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Malawi's Bats

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Malawi has been highlighted by the International Union for the Conservation of Nature (IUCN) as of key importance to bat conservation in Africa, having high endemism and species diversity. However, Malawi has also been highlighted as an area of concern for bat populations due to increasing agricultural pressures on the environment, and high levels of deforestation.


Not much is known about African bats, but a total of 116 bat species have been recorded within Southern Africa and Malawi is estimated to have over 64 species.

ABC have already discovered a new bat species for Malawi previously never recorded here, and have also recorded two other species that have only been found in a handful of locations in southern Africa.


Click on the bat families below to find species profiles for bats that have been recorded by ABC in Malawi.

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Sheath-tailed bats

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Free-tailed bats

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Horseshoe bats



Trident & Leaf Nosed Bats

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Slit-faced Bats

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Plain faced bats

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Long-fingered bats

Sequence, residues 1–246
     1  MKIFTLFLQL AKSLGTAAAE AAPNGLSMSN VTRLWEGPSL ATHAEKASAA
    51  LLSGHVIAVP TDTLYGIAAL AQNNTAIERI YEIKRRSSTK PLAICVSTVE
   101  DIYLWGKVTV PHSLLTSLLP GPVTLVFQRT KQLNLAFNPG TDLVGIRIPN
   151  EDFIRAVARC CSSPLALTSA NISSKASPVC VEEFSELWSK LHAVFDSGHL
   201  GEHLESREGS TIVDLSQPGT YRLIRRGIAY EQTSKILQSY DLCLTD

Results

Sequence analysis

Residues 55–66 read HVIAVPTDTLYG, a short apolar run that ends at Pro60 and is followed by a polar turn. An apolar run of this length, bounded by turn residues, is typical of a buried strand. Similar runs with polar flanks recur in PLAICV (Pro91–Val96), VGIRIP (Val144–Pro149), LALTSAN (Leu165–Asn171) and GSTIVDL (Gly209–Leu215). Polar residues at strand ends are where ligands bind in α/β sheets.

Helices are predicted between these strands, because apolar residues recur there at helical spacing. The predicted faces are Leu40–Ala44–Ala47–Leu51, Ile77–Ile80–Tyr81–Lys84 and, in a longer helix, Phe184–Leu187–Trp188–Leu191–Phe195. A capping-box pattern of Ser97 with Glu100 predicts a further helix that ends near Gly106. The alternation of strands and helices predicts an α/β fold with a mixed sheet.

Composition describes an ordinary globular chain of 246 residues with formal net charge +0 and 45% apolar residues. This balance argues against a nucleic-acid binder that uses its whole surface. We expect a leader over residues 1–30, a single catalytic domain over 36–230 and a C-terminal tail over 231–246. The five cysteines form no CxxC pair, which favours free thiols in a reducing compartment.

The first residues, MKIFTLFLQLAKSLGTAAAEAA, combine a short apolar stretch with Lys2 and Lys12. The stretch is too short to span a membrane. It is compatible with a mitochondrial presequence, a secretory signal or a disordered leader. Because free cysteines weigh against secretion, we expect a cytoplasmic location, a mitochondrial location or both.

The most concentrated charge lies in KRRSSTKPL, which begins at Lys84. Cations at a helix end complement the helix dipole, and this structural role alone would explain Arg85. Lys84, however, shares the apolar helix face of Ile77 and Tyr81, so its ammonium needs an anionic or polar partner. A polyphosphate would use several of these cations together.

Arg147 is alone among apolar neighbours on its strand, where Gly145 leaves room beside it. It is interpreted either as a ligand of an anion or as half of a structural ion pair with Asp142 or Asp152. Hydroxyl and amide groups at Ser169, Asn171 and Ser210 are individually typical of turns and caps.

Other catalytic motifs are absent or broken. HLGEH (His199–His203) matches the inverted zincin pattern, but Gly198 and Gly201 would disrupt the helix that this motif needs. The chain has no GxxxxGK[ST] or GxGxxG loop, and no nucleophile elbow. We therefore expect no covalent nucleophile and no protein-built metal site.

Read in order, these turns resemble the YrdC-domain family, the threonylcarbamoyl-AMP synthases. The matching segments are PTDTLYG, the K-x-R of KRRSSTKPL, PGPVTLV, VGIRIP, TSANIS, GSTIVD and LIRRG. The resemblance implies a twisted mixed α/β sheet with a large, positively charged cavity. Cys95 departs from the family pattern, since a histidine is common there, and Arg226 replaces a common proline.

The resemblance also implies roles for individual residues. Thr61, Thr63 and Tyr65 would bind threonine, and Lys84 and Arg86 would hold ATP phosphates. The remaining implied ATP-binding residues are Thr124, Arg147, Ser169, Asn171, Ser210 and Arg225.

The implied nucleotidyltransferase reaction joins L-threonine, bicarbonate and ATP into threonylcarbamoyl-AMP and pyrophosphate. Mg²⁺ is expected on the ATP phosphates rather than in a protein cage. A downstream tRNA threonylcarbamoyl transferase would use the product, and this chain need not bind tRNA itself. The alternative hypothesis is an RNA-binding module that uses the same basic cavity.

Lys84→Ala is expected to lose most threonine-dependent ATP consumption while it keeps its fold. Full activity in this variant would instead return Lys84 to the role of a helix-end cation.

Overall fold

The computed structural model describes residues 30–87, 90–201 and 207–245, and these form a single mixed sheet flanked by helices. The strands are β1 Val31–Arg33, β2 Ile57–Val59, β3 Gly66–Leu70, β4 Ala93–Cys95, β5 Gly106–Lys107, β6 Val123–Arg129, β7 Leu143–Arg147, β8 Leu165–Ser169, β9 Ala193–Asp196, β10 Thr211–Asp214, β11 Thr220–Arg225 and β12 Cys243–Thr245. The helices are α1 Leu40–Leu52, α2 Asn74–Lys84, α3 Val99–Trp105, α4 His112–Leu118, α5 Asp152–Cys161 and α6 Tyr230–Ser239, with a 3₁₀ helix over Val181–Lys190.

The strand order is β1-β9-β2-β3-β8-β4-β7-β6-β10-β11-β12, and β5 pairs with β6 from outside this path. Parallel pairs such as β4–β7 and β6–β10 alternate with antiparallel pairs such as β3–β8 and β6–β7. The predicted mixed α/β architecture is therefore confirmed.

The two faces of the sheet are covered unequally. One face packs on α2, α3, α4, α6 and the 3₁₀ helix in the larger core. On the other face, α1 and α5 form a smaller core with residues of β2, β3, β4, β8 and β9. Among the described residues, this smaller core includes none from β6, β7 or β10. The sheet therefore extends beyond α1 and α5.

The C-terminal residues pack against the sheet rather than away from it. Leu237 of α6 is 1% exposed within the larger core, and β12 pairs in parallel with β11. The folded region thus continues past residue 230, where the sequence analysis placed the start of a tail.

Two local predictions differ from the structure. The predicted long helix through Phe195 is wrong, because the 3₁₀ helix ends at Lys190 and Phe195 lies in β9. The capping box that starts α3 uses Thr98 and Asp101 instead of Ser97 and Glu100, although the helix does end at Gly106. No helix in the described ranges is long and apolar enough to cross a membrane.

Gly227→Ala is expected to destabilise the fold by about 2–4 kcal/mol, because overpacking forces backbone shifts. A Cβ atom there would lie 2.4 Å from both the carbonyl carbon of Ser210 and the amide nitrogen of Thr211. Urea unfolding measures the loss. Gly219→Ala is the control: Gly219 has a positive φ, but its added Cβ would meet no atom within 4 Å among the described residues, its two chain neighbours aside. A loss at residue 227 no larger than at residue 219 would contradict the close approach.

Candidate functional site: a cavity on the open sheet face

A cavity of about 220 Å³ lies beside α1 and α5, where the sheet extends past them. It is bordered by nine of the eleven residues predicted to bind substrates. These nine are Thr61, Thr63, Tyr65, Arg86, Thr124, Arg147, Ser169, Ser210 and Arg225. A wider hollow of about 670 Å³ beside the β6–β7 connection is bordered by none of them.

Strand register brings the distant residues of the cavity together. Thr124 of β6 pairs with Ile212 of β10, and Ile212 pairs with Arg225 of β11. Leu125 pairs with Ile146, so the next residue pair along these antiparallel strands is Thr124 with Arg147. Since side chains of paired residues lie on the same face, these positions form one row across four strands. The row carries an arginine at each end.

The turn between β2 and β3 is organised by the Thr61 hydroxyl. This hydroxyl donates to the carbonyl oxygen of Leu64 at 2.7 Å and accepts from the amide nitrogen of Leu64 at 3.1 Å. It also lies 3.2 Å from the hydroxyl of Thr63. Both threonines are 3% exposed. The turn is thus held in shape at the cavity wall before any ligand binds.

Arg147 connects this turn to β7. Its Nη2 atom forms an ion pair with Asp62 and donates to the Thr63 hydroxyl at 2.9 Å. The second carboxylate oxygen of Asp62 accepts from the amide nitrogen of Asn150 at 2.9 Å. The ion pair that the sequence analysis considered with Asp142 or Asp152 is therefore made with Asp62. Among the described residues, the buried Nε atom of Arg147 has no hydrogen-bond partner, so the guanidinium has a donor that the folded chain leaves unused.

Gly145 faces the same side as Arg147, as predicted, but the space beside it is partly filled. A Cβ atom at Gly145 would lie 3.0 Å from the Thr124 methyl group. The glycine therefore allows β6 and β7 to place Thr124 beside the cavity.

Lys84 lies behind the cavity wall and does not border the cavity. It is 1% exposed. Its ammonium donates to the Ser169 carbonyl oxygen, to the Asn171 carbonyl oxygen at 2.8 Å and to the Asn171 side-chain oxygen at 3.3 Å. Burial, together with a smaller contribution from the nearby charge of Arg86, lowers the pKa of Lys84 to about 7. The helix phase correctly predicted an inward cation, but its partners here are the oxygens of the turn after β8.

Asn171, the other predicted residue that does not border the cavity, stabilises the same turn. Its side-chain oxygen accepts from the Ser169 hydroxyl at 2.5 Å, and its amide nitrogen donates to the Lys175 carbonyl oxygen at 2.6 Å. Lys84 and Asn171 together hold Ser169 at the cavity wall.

Fruit bats


Sheath tailed bats

Emballonurids are immediately recognisable by the particular configuration of the tail, which is only partly enclosed by the tail membrane proximally, but independent of the membrane distally. Hence, the tail appears to protrude out from above the tail membrane.


All members of this family also have large eyes and a plain face without nose leafs. The wings of Emballonuridae are typically long and pointed – an adaptation for swift flight.




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Hipposideros is a large genus found throughout the Old World. The noseleaf of this genus is simple and elliptical or three-pronged in shape, and is widely used in identification of its species.


The noseleaf plays an important role in the emission of the echolocation signal.


All members of this family have broad wings, allowing them to manoeuvre through cluttered environments such as dense vegetation.

Leaf nosed bats



Free tailed bats

Members of this family are immediately recognisable by their 'free-tail' which extends beyond the end of the tail membrane, and their wrinkled upper lip (except in the larger Tadarida species) giving them a bulldog appearance.


Molossids can scuttle with surprising speed, forward and backward. They have conspicuous combs of curved hairs along the outer margins of the toes which appear to have a sensory function, and are perhaps also used in grooming. Pheromones also are important in their social behaviour. Each species has a distinct, strong, often aromatic scent.


The majority of Molossids share adaptations for crevice roosting – including stout, sturdy legs, and the specialised sensory hairs on the body and muzzle and ear margins. They often reveal their presence in daytime by strident squeaks. The wings are characteristically long and pointed – adaptations for agile, swift flight.



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